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Pictorial Guide to Horse Colors Part 3: Red Dun, Bay Dun, Brown Dun, and Black Dun (Grullo)

This guide is written to help identify horse colors. It does not explain the genetics behind the colors. If you would like to know more about the genetics of these colors please visit Dilutions in horses

All of the dun colors, Red dun, Bay dun, Brown dun and Black Dun (Grullo) have certain characteristics in common. These include Cobwebbing (darker markings on the face that resemble a cobweb in shape), face mask (darker coloration on the face), shoulder bars, leg bars, and dorsal stripes. These markings are often referred to as “Dun Factor” markings. Although most dun horses will have at least some of these markings their intensity can vary greatly. All dun horses however, MUST have a dorsal stripe. Without a dorsal stripe the horse is not dun. The dorsal stripe should be unbroken and visible from the withers to the tail head. In many dun horses the dorsal stripe will also continue into the tail sometimes being visible it’s entire length. Sometimes a non-dun horse will have a dorsal stripe. However, this is called countershading and is not the result of Dun. Telling the difference between Dun and countershading can be difficult. The general rule is that a dun dorsal will be crisp and present all year round while a countershaded dorsal will likely have a “smudged” look and it’s intensity may vary with the seasons (to read more about the difference see Dun or Countershading). Duns will also have a diluted body color, although the amount of dilution can vary tremendously. Dun seems take “shine” away from the coat. Even very healthy dun horses will rarely have the shine that is present in other coat colors. Dun horses also seem to lack dapples and while they can be present they will be a rarity rather than the rule. In order to be dun a foal must have at least one dun parent.

Leg Bars

Leg bars caused by Dun Factor

Dorsal Stripe on a Bay Dun

Bay Dun Dorsal Stripe

dun foal showing dorsal and shoulder bars

A Dun Foal showing shoulder bars and dorsal

Red Dun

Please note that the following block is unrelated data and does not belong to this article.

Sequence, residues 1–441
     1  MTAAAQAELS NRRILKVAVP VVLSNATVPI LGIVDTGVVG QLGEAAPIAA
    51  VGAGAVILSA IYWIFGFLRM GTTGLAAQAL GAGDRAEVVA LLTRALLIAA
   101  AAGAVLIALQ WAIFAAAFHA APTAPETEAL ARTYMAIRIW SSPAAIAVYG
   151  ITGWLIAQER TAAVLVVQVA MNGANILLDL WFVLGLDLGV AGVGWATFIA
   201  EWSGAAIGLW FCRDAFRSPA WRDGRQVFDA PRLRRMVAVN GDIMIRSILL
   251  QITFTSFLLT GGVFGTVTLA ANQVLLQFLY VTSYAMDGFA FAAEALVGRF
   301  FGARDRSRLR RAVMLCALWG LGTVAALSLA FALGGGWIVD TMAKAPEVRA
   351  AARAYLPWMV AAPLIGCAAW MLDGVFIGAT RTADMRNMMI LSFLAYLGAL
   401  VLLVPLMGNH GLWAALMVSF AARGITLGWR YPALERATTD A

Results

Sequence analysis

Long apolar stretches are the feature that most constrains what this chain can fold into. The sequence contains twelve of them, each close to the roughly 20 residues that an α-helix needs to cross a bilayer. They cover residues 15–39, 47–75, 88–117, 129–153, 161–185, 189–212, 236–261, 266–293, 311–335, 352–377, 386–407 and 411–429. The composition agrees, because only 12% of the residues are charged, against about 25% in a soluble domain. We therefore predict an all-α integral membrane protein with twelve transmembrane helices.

This color will generally be a light chestnut with a dorsal stripe, leg bars and sometimes cobwebbing. The color can vary from a very light “peach” to a deep red. However the dorsal color should always be at least a shade darker than the body. The dorsal stripe and other dun factor markings will be red. Red dun can be present with or without a flaxen mane and tail.

red dun horse showing leg bars and dorsal

A Red Dun Horse Showing Leg Bars and a very wide Dorsal

A red dun mare with a red dun foal

A red dun mare with her red dun foal

a red dun foal showing it's dorsal stripe

A red dun foal showing it's dorsal stripe

Bay Dun

Bay dun is sometimes called Zebra Dun and will be a tan or yellow color with a black mane and tail and black lower legs. They will often have less leg black than a bay horse with leg bars or mottling present behind the knees. Leg black may not be a true black but may be a brownish color that looks black from a distance. The dorsal stripe, leg bars and cobwebbing can be dark red, brown or black. A face mask, if it is present, will be the same color as the other dun factor markings although bay duns are often found without a face mask. Due to similar body color, bay dun is often confused with buckskin but the dun factor markings on a bay dun should clarify things in most cases.

bay dun

A bay dun

A bay dun foal

A bay dun foal

Bay dun welsh mare with frosting

A bay dun welsh mare with frosting

Brown Dun

Light Brown duns are difficult to distinguish from bay dun and dark Brown duns are often mistaken for Black duns, however, there are a few differences. Brown duns will almost always have a facemask and their leg black will often come above the knees whereas bay duns will often lack a face mask and will have lower leg black. Brown duns will have a darker body shade than a bay dun. If a dark brown dun is compared to a black dun (grullo), the body will be brown hues rather than gray like the black dun. It is often not necessary to differentiate between bay dun and brown dun however, brown duns mistaken for black duns can be troubling for the breeder who is trying to produce black dun foals. Often foal pics can be helpful in distinguishing brown dun from black dun (grullo) foals. Brown duns foals will most often be born a very similar color to bay dun whereas black dun foals are most often born a very distinctive beige color.

brown dun

Likely brown dun

brown dun

The same brown dun foal in summer coat

Black dun (Grullo)

Black Duns can range from a very light silver color to almost black. The light silver shade is often referred to as “Silver Grullo”. This is not technically correct as a true “Silver Grullo” would also carry Silver. It is however used as a descriptive term especially in Quarter Horses. The most common black dun coloration is the color of slate stone. Black duns will almost always have a facemask which will be black. Other dun factor markings will be black as well. A very dark black dun is sometimes called Lobo Dun and can be almost black in appearance but these are quite rare. Black dun foals are often born a beige color with or without a face mask.

Various shades of grullo

Various shades of Black Dun (Grullo)

grullo (black dun)

A darker black dun (grullo)

grullo (black dun) mare with foal

A black dun (grullo) mare with her black dun foal. This is a very common color for grullo foals.